And each division has at least one additional meeting a year to discuss its strategy and products. The same goes for each business unit, department, etc. What is the outcome of all this? Twenty-five thousand people who are all trying to accomplish the same thing -- Bill's strategic vision.

BILL WANTS TO KNOW. And then there's the "billg" meeting. This is an official review with Bill. The focus might be on an entire project or it might be on a specific issue. These meetings are not your typical presentation to upper management where everything is quiet and refined. The meetings are downright rude at times. One of Bill's favorite replies when he thinks something is not well thought out is: "That's the dumbest thing I've ever heard."

But this is not an event for Bill to whip a defenseless subordinate. As one vice president said, "Bill respects no. You just have to be able to back it up." The meetings are loud and contentious in many cases, but they are by no means one-sided for those prepared. However, they are truly awful for the unprepared.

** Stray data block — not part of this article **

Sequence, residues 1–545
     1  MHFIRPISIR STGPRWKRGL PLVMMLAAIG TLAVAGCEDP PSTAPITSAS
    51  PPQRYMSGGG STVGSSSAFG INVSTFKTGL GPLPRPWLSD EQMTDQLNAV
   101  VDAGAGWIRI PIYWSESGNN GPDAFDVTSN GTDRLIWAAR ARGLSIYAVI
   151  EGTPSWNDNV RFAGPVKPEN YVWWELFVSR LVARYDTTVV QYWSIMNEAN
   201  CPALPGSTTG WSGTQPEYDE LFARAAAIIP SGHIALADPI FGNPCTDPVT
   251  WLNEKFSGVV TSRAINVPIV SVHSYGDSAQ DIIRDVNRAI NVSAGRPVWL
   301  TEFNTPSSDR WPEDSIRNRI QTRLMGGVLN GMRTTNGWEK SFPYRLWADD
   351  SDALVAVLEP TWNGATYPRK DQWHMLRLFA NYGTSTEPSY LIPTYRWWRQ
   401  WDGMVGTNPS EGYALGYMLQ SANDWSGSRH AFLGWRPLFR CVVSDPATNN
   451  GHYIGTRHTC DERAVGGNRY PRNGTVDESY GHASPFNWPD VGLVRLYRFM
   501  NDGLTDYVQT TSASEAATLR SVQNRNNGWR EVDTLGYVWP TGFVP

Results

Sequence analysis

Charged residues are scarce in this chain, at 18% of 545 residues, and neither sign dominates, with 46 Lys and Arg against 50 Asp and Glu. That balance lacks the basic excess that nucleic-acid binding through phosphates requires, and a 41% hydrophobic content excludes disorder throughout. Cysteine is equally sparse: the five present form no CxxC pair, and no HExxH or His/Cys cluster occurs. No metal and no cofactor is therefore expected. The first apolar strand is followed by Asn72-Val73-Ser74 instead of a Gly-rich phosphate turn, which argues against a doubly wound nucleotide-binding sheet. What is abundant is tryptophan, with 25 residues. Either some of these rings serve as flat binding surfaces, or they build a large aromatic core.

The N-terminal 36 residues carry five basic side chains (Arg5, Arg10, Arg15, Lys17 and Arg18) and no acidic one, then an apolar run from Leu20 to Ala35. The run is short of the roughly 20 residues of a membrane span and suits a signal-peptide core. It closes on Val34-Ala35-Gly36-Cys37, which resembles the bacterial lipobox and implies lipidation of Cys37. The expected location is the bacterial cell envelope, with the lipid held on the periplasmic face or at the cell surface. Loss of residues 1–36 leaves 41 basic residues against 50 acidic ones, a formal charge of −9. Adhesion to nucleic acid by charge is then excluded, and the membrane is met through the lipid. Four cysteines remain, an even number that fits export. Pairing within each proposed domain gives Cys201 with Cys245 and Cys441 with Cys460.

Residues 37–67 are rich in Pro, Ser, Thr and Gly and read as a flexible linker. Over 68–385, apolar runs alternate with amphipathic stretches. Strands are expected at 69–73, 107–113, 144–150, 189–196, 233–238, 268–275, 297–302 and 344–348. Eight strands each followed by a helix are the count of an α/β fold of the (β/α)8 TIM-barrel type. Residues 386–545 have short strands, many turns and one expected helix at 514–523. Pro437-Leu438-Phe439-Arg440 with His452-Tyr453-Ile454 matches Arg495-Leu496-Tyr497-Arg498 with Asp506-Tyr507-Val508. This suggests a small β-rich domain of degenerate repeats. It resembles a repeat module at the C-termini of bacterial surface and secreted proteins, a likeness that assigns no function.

Early on, when Dave Cutler (the newly hired architect of Windows/NT) had his first technical review with Bill, he did not take any of his developers with him. Bill started asking detailed questions about specific parts of the code. Dave told him that he didn't know but would get back to him. Bill ended the meeting prematurely and told him not to come back unless he brought the people with him who could answer the questions.

This illustrates a critical point. Bill, who is the CEO of the second most valuable company in America, talks directly to the people doing the work when reviewing it. Sam Walton, McDonald's founder Ray Kroc, and Walt Disney did similar things. But how many other senior executives do this?

It's more than just talking to the employees doing the work. It's understanding the work in detail and retaining that information from one meeting to the next. It is clear that Bill remembers arcane technical details from previous meetings on the project under review, as well as from other projects. Bill can often be convinced to change his mind or at least defer to the other person's judgment. But because of Bill's level of knowledge, the person discussing the issue with him better have very strong arguments.